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Labor Diplomacy to Bolster Ties Between India and Israel 

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Labor Diplomacy to Bolster Ties Between India and Israel 

Both governments recognize that an influx of Indian migrant workers could finally forge a strong people-to-people aspect in India-Israel relations.

Labor Diplomacy to Bolster Ties Between India and Israel 
Credit: Depositphotos

Amid a severe labor crisis prompting Israel to seek a workforce in Asia, India is emerging as a significant supplier. Recent reports reveal bilateral agreements between the two nations aimed at facilitating population mobility, paving the way for an influx of Indian workers into Israel under a government-to-government (G2G) framework. Through the deal, Israel is aiming to bring in 100,000 Indian workers. 

In essence, Israel’s need for labor finds a viable answer in India’s workforce, while India seizes the opportunity to alleviate domestic unemployment by offering employment opportunities abroad and receiving inward remittances. 

To be sure, this initiative underscores India’s growing interest in using labor as a tool for fostering diplomatic relations and cooperation between countries. India has also signed memoranda of understanding (MoUs) on migrant labor with Japan and Taiwan in recent years. However, while this labor diplomacy promises mutual benefits, current collaboration between Israel and India largely stems from the strengthening political partnership between the two nations, particularly under the guidance of Prime Ministers Narendra Modi and Benjamin Netanyahu.

India’s de-hyphenation of the Israel-Palestine issue, coupled with high-level visits, has marked a policy of open embrace toward Israel. Currently, the ongoing conflict in Gaza acts as a catalyst for new migration dynamics, contributing to the strengthening of the relationship between India and Israel. 

However, the synergy to explore labor migration also offers political gains for both nations.

First, this new population mobility for the first time evinces tremendous potential for a strong people-to-people connection fostering India-Israel relations. Traditionally, such connections between India and Israel have not been as robust as they could be, despite the historical presence of a Jewish population in India. India’s policy of non-alignment during the Cold War era constrained engagement with Israel, while geopolitical factors, including support for the Palestinian cause and relations with Arab nations, also played a role in shaping the relationship. Additionally, domestic political concerns, such as the negative perception of Israel persisting since independence, have all contributed to Indians not seeing Israel as a desirable destination for employment opportunities.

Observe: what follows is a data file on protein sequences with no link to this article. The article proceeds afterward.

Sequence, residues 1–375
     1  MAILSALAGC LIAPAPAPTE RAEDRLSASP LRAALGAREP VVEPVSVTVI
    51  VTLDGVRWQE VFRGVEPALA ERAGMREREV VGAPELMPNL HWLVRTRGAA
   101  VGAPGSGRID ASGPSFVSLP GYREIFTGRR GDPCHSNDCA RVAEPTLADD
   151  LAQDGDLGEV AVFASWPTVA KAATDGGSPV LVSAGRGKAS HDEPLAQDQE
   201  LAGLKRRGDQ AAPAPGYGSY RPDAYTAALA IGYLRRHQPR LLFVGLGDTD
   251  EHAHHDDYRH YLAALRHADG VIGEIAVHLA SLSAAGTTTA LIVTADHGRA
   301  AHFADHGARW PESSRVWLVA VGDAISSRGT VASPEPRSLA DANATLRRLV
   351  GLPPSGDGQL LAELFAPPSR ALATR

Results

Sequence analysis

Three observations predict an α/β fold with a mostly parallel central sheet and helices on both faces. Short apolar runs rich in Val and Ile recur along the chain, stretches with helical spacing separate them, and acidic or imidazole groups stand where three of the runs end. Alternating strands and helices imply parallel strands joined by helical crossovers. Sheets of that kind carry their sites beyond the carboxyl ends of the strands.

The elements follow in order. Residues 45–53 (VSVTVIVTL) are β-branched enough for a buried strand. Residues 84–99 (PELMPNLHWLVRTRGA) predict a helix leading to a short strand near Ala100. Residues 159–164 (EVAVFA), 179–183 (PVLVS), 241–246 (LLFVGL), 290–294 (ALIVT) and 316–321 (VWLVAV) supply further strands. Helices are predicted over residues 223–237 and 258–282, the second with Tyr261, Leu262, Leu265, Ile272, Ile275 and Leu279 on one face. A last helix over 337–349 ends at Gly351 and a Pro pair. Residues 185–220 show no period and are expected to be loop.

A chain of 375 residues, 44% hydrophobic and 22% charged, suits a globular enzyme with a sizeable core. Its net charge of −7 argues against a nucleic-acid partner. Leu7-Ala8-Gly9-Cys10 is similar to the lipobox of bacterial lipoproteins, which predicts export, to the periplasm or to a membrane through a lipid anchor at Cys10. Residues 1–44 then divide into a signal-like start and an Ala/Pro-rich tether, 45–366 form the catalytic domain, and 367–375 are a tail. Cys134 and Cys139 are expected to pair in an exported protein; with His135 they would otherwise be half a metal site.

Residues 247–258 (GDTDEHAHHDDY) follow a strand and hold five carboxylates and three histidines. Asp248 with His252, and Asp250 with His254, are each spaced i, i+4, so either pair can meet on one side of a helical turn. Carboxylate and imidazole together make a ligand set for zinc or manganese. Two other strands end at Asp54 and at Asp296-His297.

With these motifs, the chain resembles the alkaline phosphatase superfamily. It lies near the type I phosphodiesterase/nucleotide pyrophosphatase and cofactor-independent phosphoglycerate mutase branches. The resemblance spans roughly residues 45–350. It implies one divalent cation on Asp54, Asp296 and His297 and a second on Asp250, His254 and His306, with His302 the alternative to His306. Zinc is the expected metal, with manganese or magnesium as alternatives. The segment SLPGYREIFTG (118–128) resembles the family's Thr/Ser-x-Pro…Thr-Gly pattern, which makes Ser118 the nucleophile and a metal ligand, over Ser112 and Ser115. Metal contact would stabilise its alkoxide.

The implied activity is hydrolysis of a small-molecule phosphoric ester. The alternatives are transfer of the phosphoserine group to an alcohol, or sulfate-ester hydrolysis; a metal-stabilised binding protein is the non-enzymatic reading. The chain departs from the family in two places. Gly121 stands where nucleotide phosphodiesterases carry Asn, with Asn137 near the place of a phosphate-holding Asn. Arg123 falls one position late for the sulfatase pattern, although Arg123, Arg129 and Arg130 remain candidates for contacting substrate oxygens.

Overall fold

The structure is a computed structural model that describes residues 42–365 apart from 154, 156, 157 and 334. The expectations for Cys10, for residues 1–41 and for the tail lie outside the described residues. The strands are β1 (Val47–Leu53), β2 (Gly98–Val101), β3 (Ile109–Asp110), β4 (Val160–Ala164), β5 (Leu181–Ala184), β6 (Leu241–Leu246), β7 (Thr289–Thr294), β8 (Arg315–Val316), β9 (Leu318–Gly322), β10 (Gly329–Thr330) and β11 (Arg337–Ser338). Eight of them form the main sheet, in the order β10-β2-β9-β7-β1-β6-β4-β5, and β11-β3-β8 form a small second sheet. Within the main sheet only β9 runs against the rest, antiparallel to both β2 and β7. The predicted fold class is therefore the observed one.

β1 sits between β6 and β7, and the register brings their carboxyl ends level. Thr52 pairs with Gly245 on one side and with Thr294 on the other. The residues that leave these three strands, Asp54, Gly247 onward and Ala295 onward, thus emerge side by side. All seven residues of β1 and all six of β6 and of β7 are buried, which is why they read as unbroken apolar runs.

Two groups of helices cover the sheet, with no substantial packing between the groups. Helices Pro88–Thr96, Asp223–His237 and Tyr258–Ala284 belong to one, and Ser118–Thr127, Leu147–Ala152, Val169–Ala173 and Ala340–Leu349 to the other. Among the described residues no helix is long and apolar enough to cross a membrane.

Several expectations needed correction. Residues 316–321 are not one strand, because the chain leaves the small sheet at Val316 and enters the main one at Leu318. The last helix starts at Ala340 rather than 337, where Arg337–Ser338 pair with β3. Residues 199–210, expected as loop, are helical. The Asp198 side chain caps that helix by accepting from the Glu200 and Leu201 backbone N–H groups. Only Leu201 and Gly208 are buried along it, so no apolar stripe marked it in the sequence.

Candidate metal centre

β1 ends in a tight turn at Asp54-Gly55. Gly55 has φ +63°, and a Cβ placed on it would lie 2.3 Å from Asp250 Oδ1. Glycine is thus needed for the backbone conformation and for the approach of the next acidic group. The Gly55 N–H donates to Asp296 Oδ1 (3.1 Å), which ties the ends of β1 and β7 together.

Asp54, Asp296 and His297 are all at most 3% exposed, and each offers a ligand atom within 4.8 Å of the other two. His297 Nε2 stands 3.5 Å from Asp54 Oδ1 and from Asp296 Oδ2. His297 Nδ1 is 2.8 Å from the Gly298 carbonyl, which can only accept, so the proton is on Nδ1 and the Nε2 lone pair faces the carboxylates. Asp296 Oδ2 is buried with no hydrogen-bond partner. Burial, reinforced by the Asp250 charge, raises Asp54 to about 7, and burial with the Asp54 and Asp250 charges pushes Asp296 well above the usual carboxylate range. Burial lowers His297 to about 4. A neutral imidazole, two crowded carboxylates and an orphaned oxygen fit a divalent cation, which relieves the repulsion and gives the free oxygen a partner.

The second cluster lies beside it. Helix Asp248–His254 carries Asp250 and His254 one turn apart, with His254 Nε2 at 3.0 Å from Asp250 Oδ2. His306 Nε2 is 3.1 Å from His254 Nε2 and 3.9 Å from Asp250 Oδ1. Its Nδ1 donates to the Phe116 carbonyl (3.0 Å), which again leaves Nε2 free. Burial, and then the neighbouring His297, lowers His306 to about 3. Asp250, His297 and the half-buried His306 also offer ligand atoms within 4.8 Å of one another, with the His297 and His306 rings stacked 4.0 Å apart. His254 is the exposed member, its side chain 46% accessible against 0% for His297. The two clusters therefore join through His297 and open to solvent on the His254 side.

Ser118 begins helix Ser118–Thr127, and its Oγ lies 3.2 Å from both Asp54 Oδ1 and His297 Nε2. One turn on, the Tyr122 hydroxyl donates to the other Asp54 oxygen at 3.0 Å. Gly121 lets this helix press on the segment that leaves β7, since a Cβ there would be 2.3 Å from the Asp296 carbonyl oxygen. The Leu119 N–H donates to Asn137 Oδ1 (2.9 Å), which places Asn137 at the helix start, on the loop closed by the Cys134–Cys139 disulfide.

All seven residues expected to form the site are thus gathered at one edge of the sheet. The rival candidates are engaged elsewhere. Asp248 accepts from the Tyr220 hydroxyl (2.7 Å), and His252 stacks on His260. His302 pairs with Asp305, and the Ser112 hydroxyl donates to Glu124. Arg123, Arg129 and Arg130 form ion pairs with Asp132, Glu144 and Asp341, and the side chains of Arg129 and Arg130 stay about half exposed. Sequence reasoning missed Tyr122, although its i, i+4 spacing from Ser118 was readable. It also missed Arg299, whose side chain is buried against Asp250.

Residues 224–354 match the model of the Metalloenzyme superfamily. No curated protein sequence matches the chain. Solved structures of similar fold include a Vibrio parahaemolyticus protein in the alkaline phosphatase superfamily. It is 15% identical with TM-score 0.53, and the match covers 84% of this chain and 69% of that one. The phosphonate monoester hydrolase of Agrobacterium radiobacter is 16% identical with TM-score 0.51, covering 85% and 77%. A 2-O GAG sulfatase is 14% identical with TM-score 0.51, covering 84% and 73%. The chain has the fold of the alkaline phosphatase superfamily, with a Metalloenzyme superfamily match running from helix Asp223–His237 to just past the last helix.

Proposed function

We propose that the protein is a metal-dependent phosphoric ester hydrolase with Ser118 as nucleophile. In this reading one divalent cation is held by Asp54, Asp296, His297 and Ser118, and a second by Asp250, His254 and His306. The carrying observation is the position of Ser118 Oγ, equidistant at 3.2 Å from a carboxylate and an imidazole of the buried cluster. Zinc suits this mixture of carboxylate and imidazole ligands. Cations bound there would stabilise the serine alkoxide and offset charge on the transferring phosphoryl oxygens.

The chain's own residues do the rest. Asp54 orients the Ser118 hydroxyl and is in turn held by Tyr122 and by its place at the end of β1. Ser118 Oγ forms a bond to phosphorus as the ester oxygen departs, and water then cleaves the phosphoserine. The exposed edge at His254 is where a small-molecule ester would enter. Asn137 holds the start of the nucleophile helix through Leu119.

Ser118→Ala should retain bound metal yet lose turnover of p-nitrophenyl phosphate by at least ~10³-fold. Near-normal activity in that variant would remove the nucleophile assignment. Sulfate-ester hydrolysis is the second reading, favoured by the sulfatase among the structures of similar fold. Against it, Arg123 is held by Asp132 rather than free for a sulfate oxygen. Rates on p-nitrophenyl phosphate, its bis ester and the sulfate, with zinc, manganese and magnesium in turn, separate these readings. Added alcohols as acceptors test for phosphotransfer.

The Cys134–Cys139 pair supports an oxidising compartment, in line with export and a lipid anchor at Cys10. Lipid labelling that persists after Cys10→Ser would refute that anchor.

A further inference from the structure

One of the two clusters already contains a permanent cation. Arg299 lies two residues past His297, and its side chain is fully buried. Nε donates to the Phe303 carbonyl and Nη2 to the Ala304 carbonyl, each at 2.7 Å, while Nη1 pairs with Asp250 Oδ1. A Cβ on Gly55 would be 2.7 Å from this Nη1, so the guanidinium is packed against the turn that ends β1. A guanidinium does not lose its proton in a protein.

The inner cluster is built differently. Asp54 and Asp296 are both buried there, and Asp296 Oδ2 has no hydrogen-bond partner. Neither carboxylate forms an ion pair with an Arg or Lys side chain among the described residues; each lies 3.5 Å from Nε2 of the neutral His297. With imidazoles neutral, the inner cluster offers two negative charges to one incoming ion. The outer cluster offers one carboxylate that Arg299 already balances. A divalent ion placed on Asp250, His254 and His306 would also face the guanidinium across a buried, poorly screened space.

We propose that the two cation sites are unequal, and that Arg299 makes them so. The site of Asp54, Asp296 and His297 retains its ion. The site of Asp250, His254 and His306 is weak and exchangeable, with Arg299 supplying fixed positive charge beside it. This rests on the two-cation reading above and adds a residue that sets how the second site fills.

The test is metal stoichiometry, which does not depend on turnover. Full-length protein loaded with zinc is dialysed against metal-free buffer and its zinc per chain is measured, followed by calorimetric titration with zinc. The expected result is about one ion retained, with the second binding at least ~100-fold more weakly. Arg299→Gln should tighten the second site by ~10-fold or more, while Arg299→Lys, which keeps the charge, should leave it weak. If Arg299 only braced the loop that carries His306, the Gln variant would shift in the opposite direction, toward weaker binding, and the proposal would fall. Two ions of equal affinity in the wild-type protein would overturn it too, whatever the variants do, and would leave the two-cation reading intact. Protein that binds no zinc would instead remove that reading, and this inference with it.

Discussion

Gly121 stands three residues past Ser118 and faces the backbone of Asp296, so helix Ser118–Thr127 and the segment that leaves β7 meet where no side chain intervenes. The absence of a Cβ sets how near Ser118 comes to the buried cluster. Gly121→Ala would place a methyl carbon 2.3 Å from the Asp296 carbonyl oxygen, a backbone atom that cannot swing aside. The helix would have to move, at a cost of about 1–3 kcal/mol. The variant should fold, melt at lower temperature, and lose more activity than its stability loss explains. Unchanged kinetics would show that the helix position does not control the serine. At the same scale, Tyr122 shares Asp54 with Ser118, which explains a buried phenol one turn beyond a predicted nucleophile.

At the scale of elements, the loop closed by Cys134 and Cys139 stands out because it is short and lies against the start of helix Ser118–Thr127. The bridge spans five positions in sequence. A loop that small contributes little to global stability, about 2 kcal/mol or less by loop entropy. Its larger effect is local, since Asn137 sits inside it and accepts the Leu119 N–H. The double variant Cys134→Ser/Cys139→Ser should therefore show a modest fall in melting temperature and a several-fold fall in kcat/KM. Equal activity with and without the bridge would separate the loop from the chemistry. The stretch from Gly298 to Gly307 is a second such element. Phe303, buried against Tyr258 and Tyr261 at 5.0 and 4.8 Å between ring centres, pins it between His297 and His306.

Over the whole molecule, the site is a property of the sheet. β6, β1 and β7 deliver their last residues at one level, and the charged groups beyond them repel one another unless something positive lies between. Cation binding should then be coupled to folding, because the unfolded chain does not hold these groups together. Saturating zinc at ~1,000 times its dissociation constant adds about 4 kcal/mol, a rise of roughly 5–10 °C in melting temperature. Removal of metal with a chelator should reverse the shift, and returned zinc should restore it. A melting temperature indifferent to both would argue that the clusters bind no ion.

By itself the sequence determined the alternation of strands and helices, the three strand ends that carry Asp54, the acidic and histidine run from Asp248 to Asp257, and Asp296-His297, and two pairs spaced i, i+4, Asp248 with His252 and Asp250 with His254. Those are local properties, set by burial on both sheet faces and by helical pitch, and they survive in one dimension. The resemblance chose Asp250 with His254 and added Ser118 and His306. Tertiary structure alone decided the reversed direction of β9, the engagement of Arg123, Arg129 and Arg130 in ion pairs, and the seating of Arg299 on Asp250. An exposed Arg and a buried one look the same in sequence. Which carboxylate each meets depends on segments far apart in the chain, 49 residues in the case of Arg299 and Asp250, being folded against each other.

Nonetheless, in the present day, there exists abundant scope and feasibility for fostering successful people-to-people connections. Modi’s tenure in India has witnessed a discernible shift in public sentiment toward Israel, marked by a burgeoning positivity. A significant portion of the Indian population holds Israel in high regard, appreciating its military strength, intelligence capabilities, and adept handling of existential challenges. The substantial support for Israel in the ongoing conflict serves as a noteworthy example of this trend. Similarly, the Israeli public also views India favorably. According to a recent survey by the Pew Research Center, a remarkable 71 percent of Israelis hold positive opinions of India, marking Israel as the country with the highest regard for India.